Former Education Secretary and ex- Birmingham MP Estelle Morris yesterday appeared to be lining herself up for a clash with the Prime Minister over school reforms.
Proposals put forward by Tony Blair for "independent state" secondary schools were "at best a distraction, at worst a change of direction," she said in a newspaper interview.
Lady Morris quit as Education Secretary in 2002 and and stood down as MP for Birmingham Yardley at the last election.
But the former teacher could prove a powerful ally to a possible backbench rebellion over the plans, which Labour will try to push through in a Bill next year.
According to The Guardian, David Blunkett, another former Education Secretary, was also uncomfortable with the existing blueprint to give state schools greater autonomy.
Lady Morris spoke out specifically against proposals to allow schools greater freedom to set their own admissions.
She said: "Show me a school which has changed its admissions policy to attract more children from poor backgrounds with unco-operative parents.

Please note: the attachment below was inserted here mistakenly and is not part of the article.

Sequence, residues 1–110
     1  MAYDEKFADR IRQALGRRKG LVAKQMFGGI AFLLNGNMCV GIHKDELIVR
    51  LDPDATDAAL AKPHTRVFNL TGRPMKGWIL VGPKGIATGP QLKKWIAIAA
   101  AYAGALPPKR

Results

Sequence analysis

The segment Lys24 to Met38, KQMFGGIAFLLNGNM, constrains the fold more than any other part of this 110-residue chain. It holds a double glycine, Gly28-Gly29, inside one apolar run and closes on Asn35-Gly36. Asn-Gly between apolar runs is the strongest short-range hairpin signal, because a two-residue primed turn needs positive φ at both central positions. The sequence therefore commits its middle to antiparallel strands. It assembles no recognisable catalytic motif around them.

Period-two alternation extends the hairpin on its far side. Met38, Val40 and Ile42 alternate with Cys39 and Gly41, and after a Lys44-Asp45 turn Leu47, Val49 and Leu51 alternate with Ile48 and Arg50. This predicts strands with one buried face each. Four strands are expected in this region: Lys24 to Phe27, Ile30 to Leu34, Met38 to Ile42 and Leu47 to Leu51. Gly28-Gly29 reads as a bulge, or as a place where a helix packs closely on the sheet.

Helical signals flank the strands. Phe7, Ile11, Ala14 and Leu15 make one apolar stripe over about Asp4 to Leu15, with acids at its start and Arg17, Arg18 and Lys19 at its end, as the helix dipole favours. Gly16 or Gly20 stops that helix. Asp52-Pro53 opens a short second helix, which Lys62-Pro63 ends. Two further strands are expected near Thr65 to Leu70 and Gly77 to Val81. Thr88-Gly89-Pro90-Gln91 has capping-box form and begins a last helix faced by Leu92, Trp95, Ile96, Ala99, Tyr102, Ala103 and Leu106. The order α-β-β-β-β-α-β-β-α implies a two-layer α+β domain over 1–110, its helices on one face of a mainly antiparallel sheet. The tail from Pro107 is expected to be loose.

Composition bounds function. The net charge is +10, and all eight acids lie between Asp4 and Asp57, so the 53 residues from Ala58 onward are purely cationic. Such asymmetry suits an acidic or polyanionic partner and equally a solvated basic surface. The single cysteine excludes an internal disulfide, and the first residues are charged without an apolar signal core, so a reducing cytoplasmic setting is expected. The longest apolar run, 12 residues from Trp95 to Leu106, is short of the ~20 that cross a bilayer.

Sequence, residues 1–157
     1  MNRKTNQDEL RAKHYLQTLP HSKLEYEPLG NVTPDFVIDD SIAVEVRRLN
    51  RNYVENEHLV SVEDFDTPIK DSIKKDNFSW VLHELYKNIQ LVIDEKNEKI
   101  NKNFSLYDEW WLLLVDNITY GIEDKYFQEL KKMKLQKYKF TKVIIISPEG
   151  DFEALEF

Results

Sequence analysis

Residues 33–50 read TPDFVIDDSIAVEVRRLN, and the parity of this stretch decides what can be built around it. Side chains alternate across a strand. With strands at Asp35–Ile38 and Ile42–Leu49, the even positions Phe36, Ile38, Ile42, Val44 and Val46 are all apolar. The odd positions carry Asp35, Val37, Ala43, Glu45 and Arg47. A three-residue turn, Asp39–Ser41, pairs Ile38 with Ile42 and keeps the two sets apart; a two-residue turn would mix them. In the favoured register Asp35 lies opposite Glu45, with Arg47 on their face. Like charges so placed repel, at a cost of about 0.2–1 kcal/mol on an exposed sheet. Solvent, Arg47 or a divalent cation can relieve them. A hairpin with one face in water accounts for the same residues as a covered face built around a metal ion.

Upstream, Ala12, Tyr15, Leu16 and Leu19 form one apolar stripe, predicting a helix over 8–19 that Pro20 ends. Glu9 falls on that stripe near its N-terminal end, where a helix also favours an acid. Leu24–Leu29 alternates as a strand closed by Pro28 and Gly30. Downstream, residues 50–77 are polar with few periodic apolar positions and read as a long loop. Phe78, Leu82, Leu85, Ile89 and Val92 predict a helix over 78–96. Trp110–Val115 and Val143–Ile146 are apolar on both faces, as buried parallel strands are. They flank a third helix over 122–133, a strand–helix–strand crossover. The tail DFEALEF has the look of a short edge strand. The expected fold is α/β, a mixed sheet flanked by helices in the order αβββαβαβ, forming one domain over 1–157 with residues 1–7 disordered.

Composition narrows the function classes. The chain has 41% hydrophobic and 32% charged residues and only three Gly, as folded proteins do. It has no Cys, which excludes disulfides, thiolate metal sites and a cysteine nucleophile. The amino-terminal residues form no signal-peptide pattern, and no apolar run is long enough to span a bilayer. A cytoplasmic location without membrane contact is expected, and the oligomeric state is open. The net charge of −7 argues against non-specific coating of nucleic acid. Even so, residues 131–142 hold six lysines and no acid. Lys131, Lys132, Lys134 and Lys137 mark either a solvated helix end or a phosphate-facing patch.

"When schools change their admissions policy it is to attract more able children or a better balanced intake."
New Conservative leader David Cameron has expressed support for the proposals and has offered to help the Government push them through.
That, however, has rattled some Labour MPs who believe the Tories see the reforms as a return to the 11-plus system.
Mr Blair used his first Prime Minister's Questions sparring with Mr Cameron to distance himself from the 11-plus exam.
But Lady Morris claimed the White Paper on education would lead to a highly complex admissions system.
She stressed what parents really wanted was "quality leadership and quality teaching" in all schools.